New Jersey reported an additional 663 coronavirus cases and five additional deaths on Thursday as the statewide transmission rate rose again, to 1.16, the highest in nearly two months and above the key benchmark of 1. indicating that the epidemic here is growing.
Admissions also exceeded 500 patients for the first time since the beginning of September.
The Garden State̵
Any number above 1 means that every newly infected person, on average, is spreading the virus to at least one other person. Any number less than 1 indicates that the virus is decreasing.
“COVID is still with us,” Governor Phil Murphy said during a virtual town hall on Wednesday. “We’re much better off than before. But we’ve got some hot spots. … We’re still trying to save every life we can.”
New Jersey has reported a total of 205,889 cases of COVID-19 out of more than 3.6 million tests administered in the seven months since the outbreak began in early March.
The state of 9 million people reported 16,127 deaths related to the virus during that period – 14,340 laboratory confirmed and 1,787 considered likely. New Jersey’s death toll is the second highest in the United States after New York. The state has the nation’s highest COVID-19 death rate for every 100,000 residents.
Ocean County had headed the state for the most recent cases for 15 consecutive days starting Wednesday. But on Thursday, the county recorded the fourth number of new cases after Middlesex, Monmouth and Bergen counties.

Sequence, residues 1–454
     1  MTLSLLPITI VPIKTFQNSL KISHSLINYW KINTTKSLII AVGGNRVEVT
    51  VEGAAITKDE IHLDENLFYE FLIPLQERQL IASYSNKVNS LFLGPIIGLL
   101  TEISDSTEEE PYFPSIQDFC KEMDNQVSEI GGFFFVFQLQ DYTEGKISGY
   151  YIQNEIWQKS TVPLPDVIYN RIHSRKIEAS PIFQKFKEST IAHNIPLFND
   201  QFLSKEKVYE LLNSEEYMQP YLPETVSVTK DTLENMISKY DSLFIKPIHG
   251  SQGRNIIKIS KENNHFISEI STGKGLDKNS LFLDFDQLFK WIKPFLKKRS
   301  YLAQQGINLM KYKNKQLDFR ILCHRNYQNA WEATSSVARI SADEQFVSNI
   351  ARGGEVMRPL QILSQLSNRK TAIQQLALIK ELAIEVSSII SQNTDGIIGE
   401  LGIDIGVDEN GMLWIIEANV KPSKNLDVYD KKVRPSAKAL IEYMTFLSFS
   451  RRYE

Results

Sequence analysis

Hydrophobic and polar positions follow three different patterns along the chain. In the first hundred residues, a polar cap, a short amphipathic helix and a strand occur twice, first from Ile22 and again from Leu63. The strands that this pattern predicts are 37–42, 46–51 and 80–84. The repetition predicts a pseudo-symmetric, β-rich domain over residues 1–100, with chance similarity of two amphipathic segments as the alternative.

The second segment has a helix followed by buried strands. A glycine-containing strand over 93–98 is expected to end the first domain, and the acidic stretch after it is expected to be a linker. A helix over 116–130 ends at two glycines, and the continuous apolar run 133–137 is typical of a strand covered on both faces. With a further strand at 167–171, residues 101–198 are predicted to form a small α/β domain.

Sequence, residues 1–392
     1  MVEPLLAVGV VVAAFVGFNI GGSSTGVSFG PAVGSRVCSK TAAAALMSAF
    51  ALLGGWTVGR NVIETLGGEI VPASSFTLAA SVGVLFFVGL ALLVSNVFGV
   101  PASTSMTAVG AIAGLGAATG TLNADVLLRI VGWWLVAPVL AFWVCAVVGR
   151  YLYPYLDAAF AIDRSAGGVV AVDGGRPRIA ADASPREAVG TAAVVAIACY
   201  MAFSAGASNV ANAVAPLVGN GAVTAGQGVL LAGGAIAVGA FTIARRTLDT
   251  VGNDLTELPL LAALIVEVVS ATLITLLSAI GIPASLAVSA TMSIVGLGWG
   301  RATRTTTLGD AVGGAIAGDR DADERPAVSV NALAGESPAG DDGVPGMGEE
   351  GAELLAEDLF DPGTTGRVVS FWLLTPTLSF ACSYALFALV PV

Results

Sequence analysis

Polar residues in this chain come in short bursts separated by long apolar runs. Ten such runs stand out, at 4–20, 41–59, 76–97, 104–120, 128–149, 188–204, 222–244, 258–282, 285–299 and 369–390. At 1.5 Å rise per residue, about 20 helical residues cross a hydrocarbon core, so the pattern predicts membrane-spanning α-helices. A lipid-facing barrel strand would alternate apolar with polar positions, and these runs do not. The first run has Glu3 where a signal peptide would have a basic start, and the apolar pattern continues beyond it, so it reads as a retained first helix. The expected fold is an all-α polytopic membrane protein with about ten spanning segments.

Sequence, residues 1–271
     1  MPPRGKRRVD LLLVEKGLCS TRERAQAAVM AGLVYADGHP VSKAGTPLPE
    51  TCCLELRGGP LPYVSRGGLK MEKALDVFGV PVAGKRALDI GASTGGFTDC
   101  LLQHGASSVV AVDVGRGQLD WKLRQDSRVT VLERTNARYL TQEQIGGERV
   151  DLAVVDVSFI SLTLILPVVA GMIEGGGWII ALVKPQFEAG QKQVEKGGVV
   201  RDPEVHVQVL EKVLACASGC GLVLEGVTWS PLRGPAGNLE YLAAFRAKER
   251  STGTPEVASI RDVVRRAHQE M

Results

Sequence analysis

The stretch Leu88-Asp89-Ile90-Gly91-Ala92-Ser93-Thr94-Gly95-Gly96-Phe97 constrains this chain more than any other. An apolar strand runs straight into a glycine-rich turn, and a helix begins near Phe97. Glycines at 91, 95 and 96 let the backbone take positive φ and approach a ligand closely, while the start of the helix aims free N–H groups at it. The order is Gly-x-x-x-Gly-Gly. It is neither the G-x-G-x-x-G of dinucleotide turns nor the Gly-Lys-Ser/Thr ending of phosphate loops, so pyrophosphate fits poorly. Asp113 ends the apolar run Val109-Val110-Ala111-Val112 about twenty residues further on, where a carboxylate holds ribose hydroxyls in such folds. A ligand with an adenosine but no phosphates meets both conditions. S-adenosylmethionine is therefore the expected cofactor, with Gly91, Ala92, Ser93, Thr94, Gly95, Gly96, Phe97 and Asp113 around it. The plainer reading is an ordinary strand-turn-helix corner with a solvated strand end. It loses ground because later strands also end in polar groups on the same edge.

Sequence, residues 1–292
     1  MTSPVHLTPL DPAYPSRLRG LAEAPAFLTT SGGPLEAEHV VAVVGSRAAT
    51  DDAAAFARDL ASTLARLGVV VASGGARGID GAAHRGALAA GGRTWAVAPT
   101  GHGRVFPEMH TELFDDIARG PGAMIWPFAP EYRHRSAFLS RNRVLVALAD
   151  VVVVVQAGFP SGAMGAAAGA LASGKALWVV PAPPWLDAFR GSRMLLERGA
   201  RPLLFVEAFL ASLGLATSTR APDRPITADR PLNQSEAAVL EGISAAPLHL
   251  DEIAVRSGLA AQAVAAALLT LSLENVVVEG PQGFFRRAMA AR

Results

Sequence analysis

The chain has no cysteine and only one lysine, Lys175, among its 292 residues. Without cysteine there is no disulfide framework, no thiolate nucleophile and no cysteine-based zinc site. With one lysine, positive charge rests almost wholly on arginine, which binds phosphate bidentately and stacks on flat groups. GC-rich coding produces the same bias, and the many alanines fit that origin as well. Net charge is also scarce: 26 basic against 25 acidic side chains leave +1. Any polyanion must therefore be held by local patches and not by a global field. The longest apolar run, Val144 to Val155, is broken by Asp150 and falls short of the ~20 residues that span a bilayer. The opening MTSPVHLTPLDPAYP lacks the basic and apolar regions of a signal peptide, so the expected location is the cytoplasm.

The statewide daily positivity rate – the percentage of tests that came back positive in one day – on Sunday was 5.28 percent. The last time the figure was this high was at the end of May.
In Ocean County, the positivity rate was 16.03% on Sunday – with Lakewood reporting a positivity rate of 28.63%, according to the state’s Department of Health.
Of the 663 additional cases reported on Thursday, 26 are from Lakewood, the department said.
COUNTY-BY-COUNTY CASES (sorted by new cases)
- Middlesex County: 19,679 positive tests (85 new), 1,227 confirmed deaths (202 likely)
- Monmouth County: 12,025 positive tests (82 new), 776 confirmed deaths (92 likely)
- Bergen County: 22,579 positive tests (71 new), 1,804 confirmed deaths (241 probable)
- Ocean County: 13,718 positive tests (66 new), 985 confirmed deaths (65 likely)
- Camden County: 9,996 positive tests (40 new), 558 confirmed deaths (53 likely)
- Essex County: 21,157 positive tests (38 new), 1,899 confirmed deaths (229 probable)
- Union County: 17,761 positive tests (37 new), 1,189 confirmed deaths (167 probable)
- Hudson County: 20,767 positive tests (34 new), 1,358 confirmed deaths (160 probable)
- Burlington County: 7,208 positive tests (26 new), 461 confirmed deaths (41 likely)
- Atlantic County: 4,152 positive tests (25 new), 245 confirmed deaths (11 likely)
- Passaic County: 19,135 positive tests (25 new), 1,113 confirmed deaths (141 likely)
- Somerset County: 5,850 positive tests (24 new), 503 confirmed deaths (74 probable)
- Gloucester County: 4,710 positive tests (22 new), 222 confirmed deaths (7 likely)
- Hunterdon County: 1,349 positive tests (18 new), 71 confirmed deaths (54 likely)